It’s hard to describe for non-sports lovers what a world without Sport is like, but I guess an office without coffee or a party without any music could mimic the same feelings of emptiness and loss myself and millions of others are feeling right now in these times of Covid-19.
It is, of course, a small, hopefully short-lived price to pay for our health and ensuring society itself does not break down.
As one government minister put it, every life saved now is a potential sports fan in the future.
But it is hard not to feel sad that, as summer fades into autumn, there will be no more bat on ball, no nerve-wracking Super Rugby clashes, no more peaceful hours on the couch watching the best golfers in the world strut their stuff on beautiful courses.
The hockey astroturfs, usually so full of joie de vivre on the weekends, are quiet.
There is no more gloating from Liverpool fans on social media, or the angst of long-suffering Arsenal supporters.
Sport provides a thrill, a shot of inspiration watching real-life superheroes overcoming the odds and for many people, gives them a reason to slog through the week and make it to the weekend.
As if to rub it in, the weather in Johannesburg has been glorious the last couple of days, sunny and warm, perfect for a day at the Wanderers or SuperSport Park.
But when the governing bodies of the various sports sift through the wreckage of 2020 once this pandemic has passed, they will have the opportunity to perhaps “reboot” several aspects of their product.
It seems inevitable, given the financial damage Covid-19 will do to the coffers of sport across the board, that the sporting landscape
will change once the world returns to “normal”.
Sadly, some cherished things might fall by the wayside, but happily some blights might also disappear.
Writing in The Guardian, the excellent Jonathan Liew speaks about the Covid-19 crisis causing financial turmoil and then warns of “greedy disaster capitalists” taking advantage.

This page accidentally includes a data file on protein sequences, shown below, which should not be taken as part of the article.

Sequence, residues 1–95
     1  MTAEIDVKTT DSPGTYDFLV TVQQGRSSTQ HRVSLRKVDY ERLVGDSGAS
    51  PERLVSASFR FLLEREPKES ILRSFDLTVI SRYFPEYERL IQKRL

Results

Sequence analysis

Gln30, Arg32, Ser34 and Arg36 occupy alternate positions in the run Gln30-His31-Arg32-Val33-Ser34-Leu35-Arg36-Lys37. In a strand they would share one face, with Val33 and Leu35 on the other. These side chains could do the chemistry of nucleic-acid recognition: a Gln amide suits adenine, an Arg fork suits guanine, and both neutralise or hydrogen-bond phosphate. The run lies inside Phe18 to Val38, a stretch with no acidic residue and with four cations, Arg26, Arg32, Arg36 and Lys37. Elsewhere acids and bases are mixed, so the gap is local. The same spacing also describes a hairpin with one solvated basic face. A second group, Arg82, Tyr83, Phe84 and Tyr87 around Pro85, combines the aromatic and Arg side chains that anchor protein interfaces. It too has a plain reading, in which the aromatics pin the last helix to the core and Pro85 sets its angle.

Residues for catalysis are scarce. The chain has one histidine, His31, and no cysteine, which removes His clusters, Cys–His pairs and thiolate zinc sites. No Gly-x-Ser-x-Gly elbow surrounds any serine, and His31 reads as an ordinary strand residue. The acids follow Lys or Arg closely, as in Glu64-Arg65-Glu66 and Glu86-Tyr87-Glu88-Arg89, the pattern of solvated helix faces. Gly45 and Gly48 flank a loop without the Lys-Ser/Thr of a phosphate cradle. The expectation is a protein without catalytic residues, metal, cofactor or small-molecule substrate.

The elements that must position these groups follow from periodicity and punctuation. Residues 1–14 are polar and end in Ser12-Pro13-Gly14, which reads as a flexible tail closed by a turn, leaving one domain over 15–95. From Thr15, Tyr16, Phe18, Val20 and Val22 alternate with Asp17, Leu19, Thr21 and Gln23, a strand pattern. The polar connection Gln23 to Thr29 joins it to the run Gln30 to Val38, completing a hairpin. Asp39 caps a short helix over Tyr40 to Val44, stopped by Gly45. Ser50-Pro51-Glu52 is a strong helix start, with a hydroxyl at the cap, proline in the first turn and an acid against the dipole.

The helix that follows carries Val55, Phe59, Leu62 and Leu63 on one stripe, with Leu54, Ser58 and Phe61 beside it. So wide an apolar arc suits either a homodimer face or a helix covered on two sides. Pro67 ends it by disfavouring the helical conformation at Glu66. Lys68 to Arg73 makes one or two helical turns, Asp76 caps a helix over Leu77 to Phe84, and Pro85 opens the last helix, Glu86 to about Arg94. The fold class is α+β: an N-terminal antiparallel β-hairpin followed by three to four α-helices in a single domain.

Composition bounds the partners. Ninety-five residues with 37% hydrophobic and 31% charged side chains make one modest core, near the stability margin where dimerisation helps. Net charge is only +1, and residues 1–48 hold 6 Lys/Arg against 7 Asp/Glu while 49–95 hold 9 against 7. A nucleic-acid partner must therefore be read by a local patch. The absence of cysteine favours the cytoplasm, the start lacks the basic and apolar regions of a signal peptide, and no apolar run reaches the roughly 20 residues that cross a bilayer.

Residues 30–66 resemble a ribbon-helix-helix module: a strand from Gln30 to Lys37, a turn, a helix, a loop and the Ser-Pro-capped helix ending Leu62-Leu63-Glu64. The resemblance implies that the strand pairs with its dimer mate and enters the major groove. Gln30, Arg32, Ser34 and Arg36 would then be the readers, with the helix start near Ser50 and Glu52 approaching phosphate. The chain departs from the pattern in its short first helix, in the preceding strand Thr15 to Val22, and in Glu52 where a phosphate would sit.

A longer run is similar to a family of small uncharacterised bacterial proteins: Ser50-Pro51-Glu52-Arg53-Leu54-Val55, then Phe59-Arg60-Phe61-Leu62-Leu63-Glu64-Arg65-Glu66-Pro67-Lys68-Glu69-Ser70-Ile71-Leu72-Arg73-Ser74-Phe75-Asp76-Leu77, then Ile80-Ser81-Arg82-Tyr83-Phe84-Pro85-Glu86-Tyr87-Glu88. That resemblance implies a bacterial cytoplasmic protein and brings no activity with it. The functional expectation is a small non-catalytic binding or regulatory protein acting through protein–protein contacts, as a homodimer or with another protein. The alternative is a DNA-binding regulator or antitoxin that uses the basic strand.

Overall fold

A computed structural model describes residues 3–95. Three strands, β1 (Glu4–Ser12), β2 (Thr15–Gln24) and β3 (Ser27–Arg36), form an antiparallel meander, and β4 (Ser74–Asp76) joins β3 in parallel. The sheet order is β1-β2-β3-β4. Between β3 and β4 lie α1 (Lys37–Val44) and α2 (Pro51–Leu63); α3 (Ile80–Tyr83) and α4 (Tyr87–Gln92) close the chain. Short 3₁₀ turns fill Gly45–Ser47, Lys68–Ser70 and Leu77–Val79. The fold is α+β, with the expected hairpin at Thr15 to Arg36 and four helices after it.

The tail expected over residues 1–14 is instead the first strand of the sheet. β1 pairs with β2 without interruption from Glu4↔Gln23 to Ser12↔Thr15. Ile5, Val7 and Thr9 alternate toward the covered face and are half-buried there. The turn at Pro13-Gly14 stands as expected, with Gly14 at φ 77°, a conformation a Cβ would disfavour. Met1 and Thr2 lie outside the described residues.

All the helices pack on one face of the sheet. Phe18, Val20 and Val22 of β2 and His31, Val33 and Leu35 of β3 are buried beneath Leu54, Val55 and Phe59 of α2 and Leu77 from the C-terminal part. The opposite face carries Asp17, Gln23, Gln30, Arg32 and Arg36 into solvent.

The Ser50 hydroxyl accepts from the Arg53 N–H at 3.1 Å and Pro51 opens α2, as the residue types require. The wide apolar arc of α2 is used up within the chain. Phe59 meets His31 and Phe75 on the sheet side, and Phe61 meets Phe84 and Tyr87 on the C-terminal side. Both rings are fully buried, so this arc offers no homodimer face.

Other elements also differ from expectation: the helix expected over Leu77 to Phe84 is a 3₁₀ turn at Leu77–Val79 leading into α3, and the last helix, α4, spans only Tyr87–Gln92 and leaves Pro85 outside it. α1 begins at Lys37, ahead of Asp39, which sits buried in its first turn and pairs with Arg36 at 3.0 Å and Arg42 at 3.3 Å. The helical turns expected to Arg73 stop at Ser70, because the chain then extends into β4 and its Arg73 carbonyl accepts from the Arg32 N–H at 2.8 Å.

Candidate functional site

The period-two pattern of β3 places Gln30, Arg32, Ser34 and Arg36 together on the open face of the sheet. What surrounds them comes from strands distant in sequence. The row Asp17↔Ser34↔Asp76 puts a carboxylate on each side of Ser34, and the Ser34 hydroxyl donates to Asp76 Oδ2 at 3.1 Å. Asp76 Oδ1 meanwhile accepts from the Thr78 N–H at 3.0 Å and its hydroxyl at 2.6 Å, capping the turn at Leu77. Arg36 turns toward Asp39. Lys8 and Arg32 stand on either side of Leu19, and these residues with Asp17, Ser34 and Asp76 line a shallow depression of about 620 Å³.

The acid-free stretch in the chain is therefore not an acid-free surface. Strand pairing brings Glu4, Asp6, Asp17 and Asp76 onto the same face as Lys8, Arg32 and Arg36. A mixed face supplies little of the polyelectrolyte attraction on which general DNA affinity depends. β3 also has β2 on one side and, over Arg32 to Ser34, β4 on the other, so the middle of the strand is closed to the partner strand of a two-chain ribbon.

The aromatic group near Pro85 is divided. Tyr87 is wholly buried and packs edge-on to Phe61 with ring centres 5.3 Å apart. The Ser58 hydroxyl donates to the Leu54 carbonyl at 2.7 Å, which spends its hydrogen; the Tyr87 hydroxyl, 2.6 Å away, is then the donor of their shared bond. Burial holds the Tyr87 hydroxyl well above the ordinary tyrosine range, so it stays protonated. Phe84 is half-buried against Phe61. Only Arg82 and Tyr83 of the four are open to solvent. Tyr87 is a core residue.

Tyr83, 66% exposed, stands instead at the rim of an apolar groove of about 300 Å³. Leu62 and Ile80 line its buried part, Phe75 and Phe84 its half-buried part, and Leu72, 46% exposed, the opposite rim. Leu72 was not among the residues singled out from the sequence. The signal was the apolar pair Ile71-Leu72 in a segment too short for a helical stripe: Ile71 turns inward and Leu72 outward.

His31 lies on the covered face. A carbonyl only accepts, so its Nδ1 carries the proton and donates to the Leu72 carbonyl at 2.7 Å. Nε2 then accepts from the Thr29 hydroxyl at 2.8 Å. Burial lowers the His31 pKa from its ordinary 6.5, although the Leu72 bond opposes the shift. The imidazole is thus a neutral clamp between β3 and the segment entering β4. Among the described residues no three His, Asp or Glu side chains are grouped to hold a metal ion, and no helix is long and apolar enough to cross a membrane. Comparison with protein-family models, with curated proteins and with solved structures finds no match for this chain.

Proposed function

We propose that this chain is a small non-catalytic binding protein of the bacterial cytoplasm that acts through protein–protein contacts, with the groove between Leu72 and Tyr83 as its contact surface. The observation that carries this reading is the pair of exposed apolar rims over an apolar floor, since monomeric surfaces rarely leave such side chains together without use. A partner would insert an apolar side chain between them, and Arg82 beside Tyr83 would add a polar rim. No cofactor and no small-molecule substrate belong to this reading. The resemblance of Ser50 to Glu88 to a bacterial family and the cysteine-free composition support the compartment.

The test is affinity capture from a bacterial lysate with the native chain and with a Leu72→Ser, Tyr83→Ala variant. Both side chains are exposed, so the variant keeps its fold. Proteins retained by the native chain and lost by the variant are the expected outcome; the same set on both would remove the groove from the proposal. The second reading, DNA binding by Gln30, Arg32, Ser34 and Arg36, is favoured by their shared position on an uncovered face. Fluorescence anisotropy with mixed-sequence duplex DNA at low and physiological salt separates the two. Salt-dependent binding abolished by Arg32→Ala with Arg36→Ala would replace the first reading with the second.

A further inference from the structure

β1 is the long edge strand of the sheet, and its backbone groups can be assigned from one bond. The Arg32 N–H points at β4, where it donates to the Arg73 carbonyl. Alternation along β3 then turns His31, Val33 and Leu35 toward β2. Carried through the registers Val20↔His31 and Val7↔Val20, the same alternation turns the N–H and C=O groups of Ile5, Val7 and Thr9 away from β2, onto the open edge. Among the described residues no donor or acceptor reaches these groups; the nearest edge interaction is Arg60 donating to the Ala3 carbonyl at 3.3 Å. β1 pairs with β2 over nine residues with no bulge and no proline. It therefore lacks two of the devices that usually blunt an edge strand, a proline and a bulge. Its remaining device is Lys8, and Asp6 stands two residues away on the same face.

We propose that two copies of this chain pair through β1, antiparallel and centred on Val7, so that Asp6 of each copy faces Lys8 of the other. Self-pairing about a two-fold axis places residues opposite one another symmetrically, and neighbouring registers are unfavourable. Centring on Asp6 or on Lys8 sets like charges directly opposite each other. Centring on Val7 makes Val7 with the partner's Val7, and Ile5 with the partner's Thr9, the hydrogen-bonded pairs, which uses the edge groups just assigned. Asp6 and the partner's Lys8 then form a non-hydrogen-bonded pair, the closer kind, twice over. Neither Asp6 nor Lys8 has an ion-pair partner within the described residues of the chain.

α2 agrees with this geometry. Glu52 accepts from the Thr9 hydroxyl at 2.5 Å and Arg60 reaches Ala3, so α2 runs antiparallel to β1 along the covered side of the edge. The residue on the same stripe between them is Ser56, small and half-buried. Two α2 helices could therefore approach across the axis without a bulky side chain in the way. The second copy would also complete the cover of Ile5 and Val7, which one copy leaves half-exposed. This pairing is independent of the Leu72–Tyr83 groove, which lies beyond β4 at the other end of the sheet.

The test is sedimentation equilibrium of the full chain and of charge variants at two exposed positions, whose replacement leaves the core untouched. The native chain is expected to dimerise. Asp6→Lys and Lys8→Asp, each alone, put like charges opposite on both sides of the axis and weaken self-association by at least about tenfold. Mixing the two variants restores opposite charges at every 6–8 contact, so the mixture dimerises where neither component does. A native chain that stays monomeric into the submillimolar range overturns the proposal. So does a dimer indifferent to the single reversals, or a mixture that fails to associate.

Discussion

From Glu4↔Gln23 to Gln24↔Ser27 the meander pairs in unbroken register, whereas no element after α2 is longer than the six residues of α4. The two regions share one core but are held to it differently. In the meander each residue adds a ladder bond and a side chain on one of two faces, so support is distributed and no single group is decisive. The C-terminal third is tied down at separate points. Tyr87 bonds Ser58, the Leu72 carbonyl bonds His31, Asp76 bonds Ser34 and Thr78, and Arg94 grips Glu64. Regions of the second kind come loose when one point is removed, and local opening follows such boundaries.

Sporting bodies could be forced into some unpalatable decisions simply due to financial pressures.
The column ends with the warning: “For the next few weeks, perhaps even months, the power- brokers of sport – administrators and executives, sponsors and speculators, agents and marketers – will be at a loose end. Nothing to do but plot and strategise and kick around ideas. And then ask yourself a question: how far do you trust these people to act in the best interests of the sport you love?”
The South African situation is further complicated by Icasa, the broadcast and telecoms regulator, drawing up the new legislation
governing the coverage of sport in the country.
The amendments are due to be published by the end of September and Icasa has already said the goal is to ensure more free-to-air
coverage of sporting events that are “in the national interest”.
The problem is the free-to-air broadcasters do not have the means to do this properly; the national broadcaster is all but bankrupt and e.tv are far from at the forefront of the sports business game.
The loss of income from the exclusive television rights Super- Sport pays will only add to the burden of our sports bodies after the Covid-19 pandemic.
SA Rugby seem to be one of the earliest movers in terms of strategising for what happens next.
There have been strong suggestions that once it is safe to start playing rugby again, Super Rugby 2020 will be rebooted with the South African franchises (and possibly the Free State Cheetahs) playing each other in a series of local derbies.
This is a fantastic idea and hopefully crowd attendances will be much greater than they have been for Super Rugby in recent years.
The icing on the cake would be if this spurs major change in our competition structures and the Currie Cup is restored to its rightful place as a major tournament and not just an afterthought.
With enthusiasm waning for the 25-year-old Super Rugby concept, change accompanied by a move towards Europe may be just the tonic or injection that is required following the coronavirus crisis.
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